Monday, June 14, 2010

Let's get scholarly: A good summary of the academic case against ERISA -- "denying benefits is all potential economic gain with no downside risk."

I don't know Andrew Stumpff, but I sure do like his recent piece which is soon to published in the St. Thomas Law Review and which you can download now from SSRN.

The paper, entitled "Darkness at Noon," is a pretty succinct discussion of ERISA and its malignant effects on American workers. Go read the whole thing; here's a taste (with some gratuitous self-serving links inserted by yours truly):

Imagine a participant whose employer has denied the participant's claim for plan benefits. Together with the Firestone decision, the exhaustion of administrative remedies requirement presents the participant with the following prospect, if she wants to reverse the denial: First the participant must appeal the denial to the employer itself or the the employer's agent, according to procedures and under a deadline prescribed by the employer itself. The employer, let us remind ourselves, is a party whose economic interest is directly adverse to that of the participant, and who has already ruled against her. If the appeal results in continued denial of the claim, the participant will finally gain access to the courts; but the courts will reverse the employer's denial only if the denial was "arbitrary and capricious." All this inferred by courts from -- nowhere expressly provided by -- a statute whose motivation was to protect plan participants.

Meanwhile, with no possibility for consequential or punitive damages, the employer will have had very little disincentive to deny benefits in the first place. If the employer decides not to pay, the worst potential consequence (from the employer's perspective) is that a court might later disagree, in which case all the employer will have to do is pay the claimed amount. From the employer's perspective, denying benefits is all potential economic gain with no downside risk. Furthermore the parties' positions are unequal: The employer is likely in a much stronger position to bear the cost of litigation than the employee (and will also likely have more economic incentive to do so, given the possibility of similar claims by other participants).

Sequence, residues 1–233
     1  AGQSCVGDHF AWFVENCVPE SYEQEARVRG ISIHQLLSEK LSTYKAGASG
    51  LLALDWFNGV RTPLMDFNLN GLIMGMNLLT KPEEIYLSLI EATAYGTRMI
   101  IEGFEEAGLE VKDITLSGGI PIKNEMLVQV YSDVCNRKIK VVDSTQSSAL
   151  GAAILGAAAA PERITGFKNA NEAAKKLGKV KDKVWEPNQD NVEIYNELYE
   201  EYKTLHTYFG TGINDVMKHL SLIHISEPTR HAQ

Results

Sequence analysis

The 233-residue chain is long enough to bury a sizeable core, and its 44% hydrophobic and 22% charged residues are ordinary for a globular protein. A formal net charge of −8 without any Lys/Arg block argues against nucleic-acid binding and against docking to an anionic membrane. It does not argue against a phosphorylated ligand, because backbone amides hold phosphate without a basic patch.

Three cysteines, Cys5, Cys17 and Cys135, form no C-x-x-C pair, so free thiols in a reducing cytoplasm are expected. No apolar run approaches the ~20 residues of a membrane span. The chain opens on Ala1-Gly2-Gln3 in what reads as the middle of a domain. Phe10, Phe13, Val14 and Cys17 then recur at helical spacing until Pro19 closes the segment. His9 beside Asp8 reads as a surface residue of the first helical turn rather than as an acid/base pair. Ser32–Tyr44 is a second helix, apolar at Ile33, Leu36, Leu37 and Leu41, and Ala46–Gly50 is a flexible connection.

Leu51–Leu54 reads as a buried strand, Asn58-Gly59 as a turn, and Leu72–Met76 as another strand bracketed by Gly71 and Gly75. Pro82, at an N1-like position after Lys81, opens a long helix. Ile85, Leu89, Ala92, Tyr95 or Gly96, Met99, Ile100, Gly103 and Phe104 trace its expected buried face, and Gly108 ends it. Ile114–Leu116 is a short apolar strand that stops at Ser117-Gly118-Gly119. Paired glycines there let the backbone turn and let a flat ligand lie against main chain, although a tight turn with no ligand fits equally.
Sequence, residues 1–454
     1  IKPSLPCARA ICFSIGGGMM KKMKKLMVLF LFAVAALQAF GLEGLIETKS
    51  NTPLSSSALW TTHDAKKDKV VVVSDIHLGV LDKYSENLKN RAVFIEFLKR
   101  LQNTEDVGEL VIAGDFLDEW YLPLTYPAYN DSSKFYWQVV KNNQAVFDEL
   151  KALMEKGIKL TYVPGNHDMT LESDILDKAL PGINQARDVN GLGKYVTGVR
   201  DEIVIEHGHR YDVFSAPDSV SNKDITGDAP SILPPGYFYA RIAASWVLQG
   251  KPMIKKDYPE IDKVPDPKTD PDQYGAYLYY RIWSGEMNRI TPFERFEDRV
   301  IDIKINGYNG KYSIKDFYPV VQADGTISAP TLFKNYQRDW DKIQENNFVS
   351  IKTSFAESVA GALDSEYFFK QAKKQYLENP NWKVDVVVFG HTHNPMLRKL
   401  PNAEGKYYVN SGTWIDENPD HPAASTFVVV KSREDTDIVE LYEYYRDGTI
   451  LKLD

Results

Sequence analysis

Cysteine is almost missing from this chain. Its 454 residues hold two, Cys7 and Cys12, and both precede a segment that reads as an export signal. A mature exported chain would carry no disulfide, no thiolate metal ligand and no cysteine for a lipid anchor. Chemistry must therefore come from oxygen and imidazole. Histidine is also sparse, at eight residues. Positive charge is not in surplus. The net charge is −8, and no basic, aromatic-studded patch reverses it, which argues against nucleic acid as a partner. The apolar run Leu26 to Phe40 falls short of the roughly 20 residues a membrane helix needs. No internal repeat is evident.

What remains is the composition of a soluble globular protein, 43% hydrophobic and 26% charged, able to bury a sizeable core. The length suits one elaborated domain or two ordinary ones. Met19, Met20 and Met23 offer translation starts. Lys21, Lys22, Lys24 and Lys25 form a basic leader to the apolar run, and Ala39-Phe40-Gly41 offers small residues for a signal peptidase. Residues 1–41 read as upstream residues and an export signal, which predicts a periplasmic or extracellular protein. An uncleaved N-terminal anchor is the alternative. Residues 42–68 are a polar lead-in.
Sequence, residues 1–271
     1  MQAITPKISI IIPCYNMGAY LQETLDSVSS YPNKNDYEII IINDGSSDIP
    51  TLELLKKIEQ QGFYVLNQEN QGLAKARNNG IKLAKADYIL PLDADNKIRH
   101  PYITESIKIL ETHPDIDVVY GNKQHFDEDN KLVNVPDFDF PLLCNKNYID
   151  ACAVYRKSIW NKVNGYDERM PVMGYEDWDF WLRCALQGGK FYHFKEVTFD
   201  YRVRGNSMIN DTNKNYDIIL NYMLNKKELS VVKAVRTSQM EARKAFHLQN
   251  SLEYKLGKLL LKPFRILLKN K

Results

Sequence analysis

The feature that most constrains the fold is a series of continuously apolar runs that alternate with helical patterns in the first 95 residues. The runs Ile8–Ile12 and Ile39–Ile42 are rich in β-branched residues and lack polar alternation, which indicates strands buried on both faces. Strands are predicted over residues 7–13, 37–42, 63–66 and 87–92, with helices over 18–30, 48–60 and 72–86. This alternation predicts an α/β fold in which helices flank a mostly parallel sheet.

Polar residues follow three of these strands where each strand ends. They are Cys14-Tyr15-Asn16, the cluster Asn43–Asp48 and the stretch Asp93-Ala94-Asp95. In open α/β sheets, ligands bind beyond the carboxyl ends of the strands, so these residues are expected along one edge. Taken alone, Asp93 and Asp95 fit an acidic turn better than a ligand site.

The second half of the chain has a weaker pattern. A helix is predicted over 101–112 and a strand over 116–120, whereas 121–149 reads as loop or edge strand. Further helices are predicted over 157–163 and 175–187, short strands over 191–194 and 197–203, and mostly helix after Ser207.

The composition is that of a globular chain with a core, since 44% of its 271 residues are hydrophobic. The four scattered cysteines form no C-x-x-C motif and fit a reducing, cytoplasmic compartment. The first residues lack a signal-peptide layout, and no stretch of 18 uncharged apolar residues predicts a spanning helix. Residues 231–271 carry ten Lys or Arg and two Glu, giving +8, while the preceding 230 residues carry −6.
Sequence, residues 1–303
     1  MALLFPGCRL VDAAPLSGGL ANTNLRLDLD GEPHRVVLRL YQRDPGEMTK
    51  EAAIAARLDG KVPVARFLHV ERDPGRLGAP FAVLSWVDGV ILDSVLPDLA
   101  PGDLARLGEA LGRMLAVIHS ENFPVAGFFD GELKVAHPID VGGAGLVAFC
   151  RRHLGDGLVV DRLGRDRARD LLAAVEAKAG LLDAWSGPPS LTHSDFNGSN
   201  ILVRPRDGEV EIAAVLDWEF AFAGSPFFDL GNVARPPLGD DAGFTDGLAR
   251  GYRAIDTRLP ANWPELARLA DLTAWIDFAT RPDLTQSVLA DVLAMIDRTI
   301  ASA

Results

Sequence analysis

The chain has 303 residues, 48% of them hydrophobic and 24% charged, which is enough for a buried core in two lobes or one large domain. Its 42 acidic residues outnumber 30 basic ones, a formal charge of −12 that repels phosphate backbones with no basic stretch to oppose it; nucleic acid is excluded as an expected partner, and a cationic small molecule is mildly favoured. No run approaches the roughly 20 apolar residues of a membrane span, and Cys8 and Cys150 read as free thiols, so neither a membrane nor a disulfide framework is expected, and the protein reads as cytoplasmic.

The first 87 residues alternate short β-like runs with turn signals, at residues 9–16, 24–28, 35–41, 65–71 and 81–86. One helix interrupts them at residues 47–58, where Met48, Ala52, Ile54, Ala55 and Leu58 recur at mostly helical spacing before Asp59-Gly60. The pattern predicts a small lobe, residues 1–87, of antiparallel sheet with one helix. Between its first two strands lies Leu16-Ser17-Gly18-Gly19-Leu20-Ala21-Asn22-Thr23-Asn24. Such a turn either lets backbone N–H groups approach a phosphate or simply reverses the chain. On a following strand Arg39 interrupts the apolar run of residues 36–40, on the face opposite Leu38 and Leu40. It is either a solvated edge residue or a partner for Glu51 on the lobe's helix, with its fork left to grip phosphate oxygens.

In sum, the employer's calculus in deciding whether to pay benefits under an ERISA plan is now roughly the following: On the one hand, pay the benefits. On the other hand, don't, with as consequence only the remote chance the participant will decide to incur the time, cost and effort to exhaust his administrative appeals to the employer or its agent, and then take the case to court; and that the denial will be eventually judicially reversed as "arbitrary and capricious" -- in which case the employer will merely have to pay what it would have owed in any event.

What's striking is not just that this can hardly be viewed as a regime "protective of plan participants." What's striking is that this regime is distinctly less protective that would have been the case under ordinary principles of common law, and that it was established by judges in the name of a law expressly intended to expand participant protection beyond those available under common law.

I think the whole thing stinks even more if you substitute the words "insurance company" for "employer" in the foregoing, which is all too often the case. Then even the meager argument supporting ERISA -- that it encourages employers to create employee benefit plans in the first place -- withers on the vine.

Hat tips to Carol Cachey and Brian King.

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